The path between Stamford Bridge and Madrid has been much travelled in recent years, by Diego Costa and Alvaro Morata, by Eden Hazard and Thibaut Courtois, by Mateo Kovacic and now Saul Niguez.
If Chelsea have had a profitable business trading with Real and Atletico Madrid of late, they look positioned to benefit from borrowing.
If Niguez was one of the last signings of the transfer window, there are reasons to suspect he may prove one of the best. For a loan fee, Chelsea acquired a La Liga winner at his prime: at 26, Niguez has made 340 appearances for Atletico. The option to make the move permanent next summer means there are parallels with the try-before-you-buy deal for Kovacic; coincidentally, the newcomer has taken the Croatian’s old No 17 shirt.
He fills a gap in an otherwise enviously strong squad. Thomas Tuchel has two players for virtually every position, but there was a vacancy for a fourth midfielder for the dual roles that give the defence so much protection and the team so much control. Given N’Golo Kante’s increasingly regular absences, it was imperative it was filled.
And Niguez has the characteristics to settle in. Playing for Diego Simeone’s Atletico rendered him an un-Spanish Spanish midfielder. He won the most tackles in La Liga in 2017-18 and the second most two seasons later. He has ranked highly for pressures and blocks. His efforts off the ball, coupled with his work ethic and his positional discipline, render him a Tuchel-type player.
That Simeone, normally a fervent believer in 4-4-2, played a variant of 3-5-2 for much of last season, gave him a grounding in a variant of Chelsea’s favourite formation. Niguez does not bring the startlingly high pass completion rates Kovacic and Jorginho offer but, compared to the Italy international, he is less of a regista and more of a worker.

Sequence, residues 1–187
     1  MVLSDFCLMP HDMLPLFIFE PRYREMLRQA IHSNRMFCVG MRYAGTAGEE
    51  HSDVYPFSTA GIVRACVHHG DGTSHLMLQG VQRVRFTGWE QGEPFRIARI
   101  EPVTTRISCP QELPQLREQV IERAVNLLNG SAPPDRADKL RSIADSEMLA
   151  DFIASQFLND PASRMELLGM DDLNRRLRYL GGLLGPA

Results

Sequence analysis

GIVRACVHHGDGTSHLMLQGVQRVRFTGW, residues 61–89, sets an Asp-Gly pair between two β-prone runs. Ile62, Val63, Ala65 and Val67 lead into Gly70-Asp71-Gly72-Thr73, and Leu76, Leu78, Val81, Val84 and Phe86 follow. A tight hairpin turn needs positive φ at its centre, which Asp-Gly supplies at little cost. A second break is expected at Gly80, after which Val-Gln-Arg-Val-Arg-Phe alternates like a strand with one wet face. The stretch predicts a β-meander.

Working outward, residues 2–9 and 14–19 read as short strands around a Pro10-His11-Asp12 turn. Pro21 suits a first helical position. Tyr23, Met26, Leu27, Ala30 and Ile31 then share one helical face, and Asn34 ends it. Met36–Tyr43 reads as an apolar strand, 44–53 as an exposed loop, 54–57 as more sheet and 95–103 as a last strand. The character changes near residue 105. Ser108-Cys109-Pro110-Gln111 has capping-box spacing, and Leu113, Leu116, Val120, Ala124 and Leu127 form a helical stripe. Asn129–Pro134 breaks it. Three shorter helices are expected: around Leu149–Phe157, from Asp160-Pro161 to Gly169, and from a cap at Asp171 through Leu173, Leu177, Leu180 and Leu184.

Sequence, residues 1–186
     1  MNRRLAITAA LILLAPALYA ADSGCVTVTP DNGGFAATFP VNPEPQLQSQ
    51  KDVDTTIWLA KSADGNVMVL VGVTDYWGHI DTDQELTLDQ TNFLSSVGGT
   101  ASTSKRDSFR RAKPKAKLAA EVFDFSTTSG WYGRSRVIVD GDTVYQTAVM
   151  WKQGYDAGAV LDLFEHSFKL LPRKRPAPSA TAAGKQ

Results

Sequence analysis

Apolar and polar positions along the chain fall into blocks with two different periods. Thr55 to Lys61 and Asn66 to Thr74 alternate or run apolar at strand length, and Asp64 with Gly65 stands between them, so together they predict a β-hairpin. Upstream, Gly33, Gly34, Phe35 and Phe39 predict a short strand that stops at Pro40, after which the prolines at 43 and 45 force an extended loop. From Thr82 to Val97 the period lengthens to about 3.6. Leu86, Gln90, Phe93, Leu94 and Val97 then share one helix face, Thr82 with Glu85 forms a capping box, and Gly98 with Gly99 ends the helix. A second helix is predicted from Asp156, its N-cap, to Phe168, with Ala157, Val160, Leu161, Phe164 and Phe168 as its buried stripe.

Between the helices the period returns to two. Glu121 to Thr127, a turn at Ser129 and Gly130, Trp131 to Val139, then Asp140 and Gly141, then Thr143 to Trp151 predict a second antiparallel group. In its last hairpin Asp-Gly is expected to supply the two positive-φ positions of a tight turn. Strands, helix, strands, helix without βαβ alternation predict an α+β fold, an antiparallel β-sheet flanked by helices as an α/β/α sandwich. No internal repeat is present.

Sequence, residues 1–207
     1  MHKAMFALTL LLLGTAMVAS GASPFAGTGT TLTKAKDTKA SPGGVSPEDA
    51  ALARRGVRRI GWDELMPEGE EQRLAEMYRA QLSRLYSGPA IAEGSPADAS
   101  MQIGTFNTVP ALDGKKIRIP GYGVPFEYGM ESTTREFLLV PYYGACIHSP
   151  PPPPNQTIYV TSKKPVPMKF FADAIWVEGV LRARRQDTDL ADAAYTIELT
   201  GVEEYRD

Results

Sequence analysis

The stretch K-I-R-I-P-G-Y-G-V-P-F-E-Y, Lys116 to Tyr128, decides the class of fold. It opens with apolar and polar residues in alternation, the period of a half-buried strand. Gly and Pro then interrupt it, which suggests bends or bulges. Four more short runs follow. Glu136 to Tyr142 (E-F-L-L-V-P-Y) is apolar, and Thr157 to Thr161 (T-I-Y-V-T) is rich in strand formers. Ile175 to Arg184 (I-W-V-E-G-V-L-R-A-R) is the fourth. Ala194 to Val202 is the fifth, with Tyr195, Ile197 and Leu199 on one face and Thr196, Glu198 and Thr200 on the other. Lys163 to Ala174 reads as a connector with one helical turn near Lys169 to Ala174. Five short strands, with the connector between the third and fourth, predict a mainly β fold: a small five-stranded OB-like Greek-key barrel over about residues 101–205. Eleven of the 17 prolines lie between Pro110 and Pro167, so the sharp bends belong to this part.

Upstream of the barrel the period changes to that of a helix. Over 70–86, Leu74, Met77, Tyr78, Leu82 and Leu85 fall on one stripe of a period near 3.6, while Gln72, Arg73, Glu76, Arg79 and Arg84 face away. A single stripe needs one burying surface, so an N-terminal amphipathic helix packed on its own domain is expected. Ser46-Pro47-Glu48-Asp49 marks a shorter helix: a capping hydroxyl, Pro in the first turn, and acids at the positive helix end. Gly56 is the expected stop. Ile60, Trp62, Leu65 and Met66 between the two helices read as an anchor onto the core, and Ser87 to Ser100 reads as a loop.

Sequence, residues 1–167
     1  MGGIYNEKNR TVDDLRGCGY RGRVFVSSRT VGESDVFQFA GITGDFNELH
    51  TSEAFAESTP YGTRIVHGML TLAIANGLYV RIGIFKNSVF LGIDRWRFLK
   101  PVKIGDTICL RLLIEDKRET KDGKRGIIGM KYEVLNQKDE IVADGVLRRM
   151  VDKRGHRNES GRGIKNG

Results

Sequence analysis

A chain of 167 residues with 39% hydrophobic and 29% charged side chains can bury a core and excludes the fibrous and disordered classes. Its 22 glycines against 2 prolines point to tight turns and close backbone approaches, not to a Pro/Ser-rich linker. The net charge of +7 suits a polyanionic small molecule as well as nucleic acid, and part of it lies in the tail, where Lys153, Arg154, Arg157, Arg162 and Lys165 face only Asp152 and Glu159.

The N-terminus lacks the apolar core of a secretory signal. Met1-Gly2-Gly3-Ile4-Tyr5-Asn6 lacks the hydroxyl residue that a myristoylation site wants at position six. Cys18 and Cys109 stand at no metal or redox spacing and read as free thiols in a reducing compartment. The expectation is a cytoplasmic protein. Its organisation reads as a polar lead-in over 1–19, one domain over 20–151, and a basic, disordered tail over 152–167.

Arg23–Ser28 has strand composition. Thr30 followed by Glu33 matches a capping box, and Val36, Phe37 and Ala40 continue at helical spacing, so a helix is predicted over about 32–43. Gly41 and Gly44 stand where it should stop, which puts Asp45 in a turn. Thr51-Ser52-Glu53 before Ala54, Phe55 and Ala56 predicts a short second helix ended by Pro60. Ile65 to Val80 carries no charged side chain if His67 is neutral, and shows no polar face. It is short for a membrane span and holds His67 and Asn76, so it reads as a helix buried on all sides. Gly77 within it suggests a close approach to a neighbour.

“I am a team player,” Niguez said last week. “I always play for the team. I could define myself as a box-to-box midfielder. I like defending when needed.” Atletico’s twin defeats to Chelsea in Europe last season underlined their attributes to the newcomer. “When a team wins the Champions League you can tell how strong they are but when you face them, you realise how hard they work,” said Niguez, who started both legs.
He is a better fit for the deeper role than the more attack-minded Ross Barkley and Ruben Loftus-Cheek, who both look likely to be marginalised. Chelsea’s otherwise largely successful window ended with both trapped at Stamford Bridge, with Barkley deprived even of a squad number.
Niguez starts as fourth in line when two of those ahead of him, in Kante and Jorginho, are being touted as potential Ballon d’Or winners. “The three midfielders who are playing are at a high level,” he said this week. “It will not be easy to play, but if I put my mind to it and fight it, I can get it.”
But Kante came off at Anfield with an ankle problem. Chelsea face seven games in 22 days, with some – against Tottenham, Manchester City and Juventus – in particular the sort that requires a high-class alternative who can be parachuted in if needed.
The sense is that Niguez ticks every box. Perhaps he needed a fresh start: a talisman for Simeone was benched at times last season. But, as Antonio Rudiger and Cesar Azpilicueta illustrate, Tuchel shows a capacity to revive careers.
A battle-hardened warrior who comes equipped with tactical nous should suit him while a midfielder who said his two ambitions were to make history with Atletico and play in the Premier League has realised one already. The other could happen against Aston Villa on Saturday.